Existing Licensed Agents, General
Concerned looking agent trying to understand the tax law

Due to the largest tax overhaul in more than 30 years, there will be big changes during the 2019 federal income tax filing season. You may have heard about the impact of the new tax law on large corporations, but smaller businesses, such as independent insurance agents, will be affected as well.

Most insurance agents run what the government calls a “pass-through” business, where the owner reports profits as personal income, rather than filing as corporation. Many pass-through businesses report total income and deductions of less than $10 million and are the most common type of enterprise in the country.

For the 40 million taxpayers who qualify as pass-through businesses, the new tax law has the potential to significantly lower their tax burden and simplify the process.

How Will the New Tax Law Affect Insurance Agents?

The good news is that under the new tax law, the majority of pass-through businesses—more than 70 percent of them—will qualify for a 20 percent tax deduction. Insurance agents whose income is lower than $157,500 for single filers and $315,000 for joint filers will be able to claim this deduction.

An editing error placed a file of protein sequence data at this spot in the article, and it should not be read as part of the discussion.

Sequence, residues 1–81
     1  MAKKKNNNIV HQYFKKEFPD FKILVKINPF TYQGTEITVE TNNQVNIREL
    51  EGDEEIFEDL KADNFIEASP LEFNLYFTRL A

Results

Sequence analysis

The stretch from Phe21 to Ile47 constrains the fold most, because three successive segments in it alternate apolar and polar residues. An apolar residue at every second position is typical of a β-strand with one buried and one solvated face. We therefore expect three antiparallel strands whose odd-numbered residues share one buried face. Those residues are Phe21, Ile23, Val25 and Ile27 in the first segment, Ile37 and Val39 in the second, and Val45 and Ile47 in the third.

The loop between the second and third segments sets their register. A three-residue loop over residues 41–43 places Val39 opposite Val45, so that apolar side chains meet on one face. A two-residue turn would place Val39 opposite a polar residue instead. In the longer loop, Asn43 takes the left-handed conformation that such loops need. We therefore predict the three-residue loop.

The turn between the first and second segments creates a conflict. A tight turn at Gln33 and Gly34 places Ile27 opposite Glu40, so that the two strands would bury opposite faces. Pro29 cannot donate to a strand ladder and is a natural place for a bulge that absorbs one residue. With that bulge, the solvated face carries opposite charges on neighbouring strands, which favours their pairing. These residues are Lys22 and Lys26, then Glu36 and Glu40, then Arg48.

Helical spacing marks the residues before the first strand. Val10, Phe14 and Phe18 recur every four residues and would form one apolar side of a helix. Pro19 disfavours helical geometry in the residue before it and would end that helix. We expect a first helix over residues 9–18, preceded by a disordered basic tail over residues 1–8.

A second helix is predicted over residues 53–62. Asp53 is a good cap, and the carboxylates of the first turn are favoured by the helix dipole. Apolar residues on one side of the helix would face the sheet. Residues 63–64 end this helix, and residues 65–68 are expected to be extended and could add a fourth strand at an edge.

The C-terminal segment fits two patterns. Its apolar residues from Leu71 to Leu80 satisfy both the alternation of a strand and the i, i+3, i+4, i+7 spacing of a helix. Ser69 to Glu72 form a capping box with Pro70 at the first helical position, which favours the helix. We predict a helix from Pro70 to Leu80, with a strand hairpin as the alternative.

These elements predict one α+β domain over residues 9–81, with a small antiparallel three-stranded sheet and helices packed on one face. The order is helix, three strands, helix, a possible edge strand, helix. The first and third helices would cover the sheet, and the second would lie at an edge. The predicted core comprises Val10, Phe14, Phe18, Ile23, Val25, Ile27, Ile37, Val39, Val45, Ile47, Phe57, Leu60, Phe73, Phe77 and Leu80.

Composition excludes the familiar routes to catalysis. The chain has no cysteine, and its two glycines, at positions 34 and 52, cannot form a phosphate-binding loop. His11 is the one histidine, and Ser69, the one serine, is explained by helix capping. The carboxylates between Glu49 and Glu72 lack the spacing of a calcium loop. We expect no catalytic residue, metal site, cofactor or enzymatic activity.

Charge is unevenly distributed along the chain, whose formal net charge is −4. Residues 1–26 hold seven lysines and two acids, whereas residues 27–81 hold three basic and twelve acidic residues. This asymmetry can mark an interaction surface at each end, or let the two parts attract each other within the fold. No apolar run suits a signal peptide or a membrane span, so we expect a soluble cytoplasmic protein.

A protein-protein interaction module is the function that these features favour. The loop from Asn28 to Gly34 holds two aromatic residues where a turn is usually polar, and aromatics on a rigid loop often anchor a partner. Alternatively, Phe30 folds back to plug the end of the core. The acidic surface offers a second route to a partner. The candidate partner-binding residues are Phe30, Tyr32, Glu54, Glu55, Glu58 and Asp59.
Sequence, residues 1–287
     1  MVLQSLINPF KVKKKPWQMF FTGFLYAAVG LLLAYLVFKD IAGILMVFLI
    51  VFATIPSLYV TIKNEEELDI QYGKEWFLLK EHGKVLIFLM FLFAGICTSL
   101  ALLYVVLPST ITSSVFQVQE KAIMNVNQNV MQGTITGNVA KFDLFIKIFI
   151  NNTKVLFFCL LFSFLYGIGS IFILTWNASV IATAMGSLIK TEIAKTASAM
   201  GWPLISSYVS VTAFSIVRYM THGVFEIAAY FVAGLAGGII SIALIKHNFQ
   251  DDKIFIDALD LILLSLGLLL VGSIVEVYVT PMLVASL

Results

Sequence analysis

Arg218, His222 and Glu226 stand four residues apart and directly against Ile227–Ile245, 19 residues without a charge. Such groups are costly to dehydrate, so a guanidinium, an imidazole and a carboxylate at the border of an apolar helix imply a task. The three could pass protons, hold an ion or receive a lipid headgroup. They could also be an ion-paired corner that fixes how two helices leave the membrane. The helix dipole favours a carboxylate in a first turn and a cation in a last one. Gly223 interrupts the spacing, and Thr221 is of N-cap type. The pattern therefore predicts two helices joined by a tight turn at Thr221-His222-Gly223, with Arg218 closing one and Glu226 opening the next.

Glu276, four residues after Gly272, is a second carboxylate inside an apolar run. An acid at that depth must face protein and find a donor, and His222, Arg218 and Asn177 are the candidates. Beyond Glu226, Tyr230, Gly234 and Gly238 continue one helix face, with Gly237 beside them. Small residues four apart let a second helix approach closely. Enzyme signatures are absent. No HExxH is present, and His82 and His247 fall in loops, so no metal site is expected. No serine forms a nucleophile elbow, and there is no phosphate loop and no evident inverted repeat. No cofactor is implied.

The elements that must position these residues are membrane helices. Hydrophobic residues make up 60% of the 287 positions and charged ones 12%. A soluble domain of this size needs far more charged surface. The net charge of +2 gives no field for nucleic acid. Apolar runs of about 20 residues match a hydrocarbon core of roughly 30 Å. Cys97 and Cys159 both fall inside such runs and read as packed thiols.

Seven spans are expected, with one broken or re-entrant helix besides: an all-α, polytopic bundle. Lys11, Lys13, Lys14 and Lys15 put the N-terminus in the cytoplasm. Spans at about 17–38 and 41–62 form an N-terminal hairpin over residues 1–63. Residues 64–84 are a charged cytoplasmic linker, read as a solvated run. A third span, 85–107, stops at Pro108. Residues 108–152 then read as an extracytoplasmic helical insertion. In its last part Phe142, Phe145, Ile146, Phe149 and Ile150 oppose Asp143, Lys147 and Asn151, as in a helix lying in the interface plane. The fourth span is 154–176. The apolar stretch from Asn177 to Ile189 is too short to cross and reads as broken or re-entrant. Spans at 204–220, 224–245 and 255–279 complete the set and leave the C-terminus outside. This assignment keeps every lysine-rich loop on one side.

In addition, the standard deduction was almost doubled from $6,500 to $12,000. This will help many insurance agents save time during the tax season by not having to methodically itemize every expense.

The Tax Law Could Save Insurance Agents Even More. Here’s How.

The deduction changes are only part of the story. The tax law also includes a lower rate within most tax brackets. If you combine the 20 percent deduction with the lower top tax rate, independent insurance agents could lower their tax bill by as much as 29.6 percent, according to a Wall Street Journal analysis.

These savings should be available to most insurance agents, but make sure you consult with a tax expert. There are exceptions for S corporations, which most personal service businesses fall under, and some types of capital investments.


The information in this article is not offered as legal or tax advice. We suggest you seek the advice of your tax advisor, attorney, and/or financial planner to make certain you obtain the tax deduction(s) you are entitled to. All material is presented solely as educational information.